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    Author(s): Rodney E. Jacobson; Daniel F. Caulfield
    Date: 2003
    Source: Seventh International Conference on Woodfiber-Plastic Composites (and other natural fibers) : May 19-20, 2003 ... Madison, Wisconsin. Madison, WI : Forest Products Society, 2003: Pages 271-276
    Publication Series: Miscellaneous Publication
    PDF: View PDF  (79 KB)

    Description

    The objective of this research was to develop a high purity cellulose/wollastonite pellet that could then be accurately metered and feed into a laboratory scale twin-screw extruder and compounded with a nylon 6 resin. The major focus was targeted on a 20 percent cellulose/20 percent wollastonite/60 percent nylon 6 composite. Limited research with nylon 6,6 resins was also attempted and will be discussed briefly. A process for developing a cellulose/wollastonite pellet was successful and 100 Kg were produced for twin screw extrusion processing with nylons. The 100 Kg of pellets were then compounded via a “low temperature compounding” technique as discussed in detail elsewhere (1). Further information can be obtained in U.S. Patent #6,270,833 B1 (2). The compounding process research was to determine if composites could be produced in small batches (50 Kg trial runs) on laboratory scale twin-screw extrusion compounding equipment. The result was 125 Kg of composite material for injection molding and ASTM mechanical property evaluation. Attempts to maximize the composite properties were not the focus of this research. Stable, controllable processing characteristics and repeatability of the twin-screw extrusion trials was the goal. It is the authors’ opinion that this goal was accomplished. Future research will focus on maximizing composite properties and determining if cellulose fibers alone or in combination with mineral fibers can be compounded on larger commercial scale equipment. Extreme care and precise processing knowledge is needed to develop a commercial scale process that works. If this cannot be accomplished, then cellulose fibers as reinforcement in any of the high melting point engineering thermoplastics may remain as a laboratory oddity.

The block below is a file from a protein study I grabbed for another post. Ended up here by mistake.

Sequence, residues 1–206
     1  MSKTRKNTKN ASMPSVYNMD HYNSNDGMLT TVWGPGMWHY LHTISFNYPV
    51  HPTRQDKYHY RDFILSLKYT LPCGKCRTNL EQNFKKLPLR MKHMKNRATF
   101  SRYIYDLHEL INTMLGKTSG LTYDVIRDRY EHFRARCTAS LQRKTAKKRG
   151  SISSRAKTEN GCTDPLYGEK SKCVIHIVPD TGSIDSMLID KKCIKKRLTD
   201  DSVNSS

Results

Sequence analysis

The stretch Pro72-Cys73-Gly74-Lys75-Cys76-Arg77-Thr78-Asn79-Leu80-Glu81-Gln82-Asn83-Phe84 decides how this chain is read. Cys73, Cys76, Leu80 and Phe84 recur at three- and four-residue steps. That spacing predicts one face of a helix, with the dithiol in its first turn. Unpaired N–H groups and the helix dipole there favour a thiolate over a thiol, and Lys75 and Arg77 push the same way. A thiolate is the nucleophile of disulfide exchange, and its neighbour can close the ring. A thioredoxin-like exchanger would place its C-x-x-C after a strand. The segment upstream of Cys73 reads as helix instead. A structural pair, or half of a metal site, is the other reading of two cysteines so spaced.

Publication Notes

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    Citation

    Jacobson, Rodney E.; Caulfield, Daniel F. 2003. Hybrid composites : combining cellulose fibers and wollastonite mineral fibers into a nylon 6 matrix. Seventh International Conference on Woodfiber-Plastic Composites (and other natural fibers) : May 19-20, 2003 ... Madison, Wisconsin. Madison, WI : Forest Products Society, 2003: Pages 271-276

    Keywords

    Hybrid composites, cellulose fibers, wollastonite mineral fibers, nylon 6 matrix, cellulose/wollastonite pellet

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